‘Get Tough or Shut Up’: The Malicious Spirit Loose in the Land

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Our culture is more fragile than our Constitution, and the people who care the most have lost their moorings.

Sometimes, small stories can tell us big things. Last week, I had a telling conversation with a young Evangelical mom of three. I was a customer at her workplace, and we were making all the normal small talk. She asked about my kids, where they went to school, and if I was sad to see my youngest go to college. Then she asked what I did. I told her that I write for a conservative political magazine.

She gave me the strangest look, then fell silent. After a moment she asked, “What do you write about?”

“Well, today I wrote a piece criticizing Trump’s response to the violence in Charlottesville. Yesterday I wrote . . . ”

Before I could finish my answer, her eyes welled up with tears. “You feel okay criticizing Trump? The people I work with love him, and they’re so mean about it. No one can say one thing critical. Not one thing. They’ll get angry and yell. It’s terrible.”

Yes, it’s just one story — from one young mom who lives in the heart of Trump country. But it’s indicative of our age. Our political culture is losing any sense of proportion. Political rage is transcending basic human decency, any semblance of tolerance, and even faith itself. It’s a general truth in politics and culture that a nation is defined by those who care the most, and increasingly, those who care the most have lost their moorings. There is a malicious spirit loose in the land.

We’ve certainly seen it on the left. Google’s recent decision to fire an employee for wrongthink is all too indicative of a progressive political culture that’s not content merely to disagree with dissenters. People in error have to be called out, investigated, shamed, and punished. The deeper you move into the ideological cocoon, the less tolerance there is for debate.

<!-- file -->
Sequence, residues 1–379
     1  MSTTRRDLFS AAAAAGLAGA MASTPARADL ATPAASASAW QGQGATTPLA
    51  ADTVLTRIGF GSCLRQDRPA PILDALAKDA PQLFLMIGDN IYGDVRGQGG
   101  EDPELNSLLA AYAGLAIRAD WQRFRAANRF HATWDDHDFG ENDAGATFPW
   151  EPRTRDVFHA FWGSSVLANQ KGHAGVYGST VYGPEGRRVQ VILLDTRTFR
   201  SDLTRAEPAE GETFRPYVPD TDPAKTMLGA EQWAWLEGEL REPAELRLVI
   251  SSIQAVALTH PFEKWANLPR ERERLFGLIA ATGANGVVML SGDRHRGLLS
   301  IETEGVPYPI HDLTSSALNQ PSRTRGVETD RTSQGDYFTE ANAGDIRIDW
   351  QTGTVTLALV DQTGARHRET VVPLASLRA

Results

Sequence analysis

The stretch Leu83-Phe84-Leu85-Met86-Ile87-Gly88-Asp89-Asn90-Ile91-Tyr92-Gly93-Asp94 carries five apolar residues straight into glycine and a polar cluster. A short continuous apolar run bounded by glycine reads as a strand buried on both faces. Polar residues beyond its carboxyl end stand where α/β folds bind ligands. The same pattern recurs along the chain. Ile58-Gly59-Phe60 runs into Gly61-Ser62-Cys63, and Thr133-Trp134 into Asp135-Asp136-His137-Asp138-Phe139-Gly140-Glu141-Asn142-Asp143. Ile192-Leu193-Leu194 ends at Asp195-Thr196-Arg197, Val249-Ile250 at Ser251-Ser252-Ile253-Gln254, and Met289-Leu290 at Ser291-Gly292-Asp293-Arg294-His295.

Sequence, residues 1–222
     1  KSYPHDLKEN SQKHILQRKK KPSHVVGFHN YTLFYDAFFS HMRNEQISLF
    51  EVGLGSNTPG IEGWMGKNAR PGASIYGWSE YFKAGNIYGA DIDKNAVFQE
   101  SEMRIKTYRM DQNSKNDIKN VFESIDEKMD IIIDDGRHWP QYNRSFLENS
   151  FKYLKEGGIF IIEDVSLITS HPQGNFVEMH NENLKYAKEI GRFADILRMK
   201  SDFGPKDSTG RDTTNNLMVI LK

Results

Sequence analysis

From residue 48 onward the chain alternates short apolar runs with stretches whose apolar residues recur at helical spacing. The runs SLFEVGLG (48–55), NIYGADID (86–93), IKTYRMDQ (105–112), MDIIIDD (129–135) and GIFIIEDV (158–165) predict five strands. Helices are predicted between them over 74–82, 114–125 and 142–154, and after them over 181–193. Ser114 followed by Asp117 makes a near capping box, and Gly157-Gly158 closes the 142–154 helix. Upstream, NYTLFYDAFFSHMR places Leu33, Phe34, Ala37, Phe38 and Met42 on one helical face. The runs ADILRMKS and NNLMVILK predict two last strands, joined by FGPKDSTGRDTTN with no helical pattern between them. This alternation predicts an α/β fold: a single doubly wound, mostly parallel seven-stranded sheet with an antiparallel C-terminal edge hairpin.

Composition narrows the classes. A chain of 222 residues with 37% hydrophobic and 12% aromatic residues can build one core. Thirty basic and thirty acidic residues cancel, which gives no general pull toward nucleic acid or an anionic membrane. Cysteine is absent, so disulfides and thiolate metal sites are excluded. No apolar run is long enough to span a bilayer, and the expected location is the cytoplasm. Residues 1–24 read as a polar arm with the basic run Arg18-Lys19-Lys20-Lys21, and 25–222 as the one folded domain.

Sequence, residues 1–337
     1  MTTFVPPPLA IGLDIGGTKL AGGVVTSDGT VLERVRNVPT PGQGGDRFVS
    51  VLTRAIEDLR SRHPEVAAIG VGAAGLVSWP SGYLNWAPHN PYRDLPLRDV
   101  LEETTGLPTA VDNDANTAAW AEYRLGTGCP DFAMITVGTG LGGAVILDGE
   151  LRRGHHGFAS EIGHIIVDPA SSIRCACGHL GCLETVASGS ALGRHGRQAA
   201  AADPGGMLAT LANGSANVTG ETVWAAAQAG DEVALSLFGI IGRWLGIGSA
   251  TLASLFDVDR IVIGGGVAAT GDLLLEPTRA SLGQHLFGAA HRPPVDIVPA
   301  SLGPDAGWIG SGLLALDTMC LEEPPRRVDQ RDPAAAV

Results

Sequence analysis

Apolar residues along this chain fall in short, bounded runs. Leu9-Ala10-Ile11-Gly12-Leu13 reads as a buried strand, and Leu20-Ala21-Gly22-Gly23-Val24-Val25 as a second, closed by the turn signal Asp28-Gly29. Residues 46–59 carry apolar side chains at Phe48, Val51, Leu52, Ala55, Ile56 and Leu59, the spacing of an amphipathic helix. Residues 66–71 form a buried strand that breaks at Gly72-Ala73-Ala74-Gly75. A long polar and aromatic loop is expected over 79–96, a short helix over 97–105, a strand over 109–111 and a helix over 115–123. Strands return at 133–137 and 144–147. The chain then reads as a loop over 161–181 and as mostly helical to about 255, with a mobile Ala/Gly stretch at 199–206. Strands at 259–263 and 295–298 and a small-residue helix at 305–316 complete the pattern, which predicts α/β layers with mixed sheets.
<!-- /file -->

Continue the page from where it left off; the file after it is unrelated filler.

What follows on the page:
Bloomberg’s Megan McArdle, a sharp thinker not prone to hyperbole, wrote yesterday decrying the rise of online mobs and Internet shaming. The goal of the mob isn’t to rebut bad arguments but to destroy careers and permanently ruin reputations. She said this:

I find myself in more and more conversations that sound as if we’re living in one of the later-stage Communist regimes. Not the ones that shot people, but the ones that discovered you didn’t need to shoot dissidents, as long as you could make them pariahs — no job, no apartment, no one willing to be seen talking to them in public.

Does this sound overwrought? Well, consider that a major American corporation just launched an investigation into a private conversation between two of its employees because a left-wing Hollywood star was offended by their opinions about transgenderism. Consider the fact that even the most innocuous expressions of dissent from hard-left identity politics have triggered violence and threats of violence on campus. There are reasons why conservative professors have called me from their office, closed the door, and shared their true opinions only in whispers. They knew their lives would be turned upside down if the wrong ears were listening.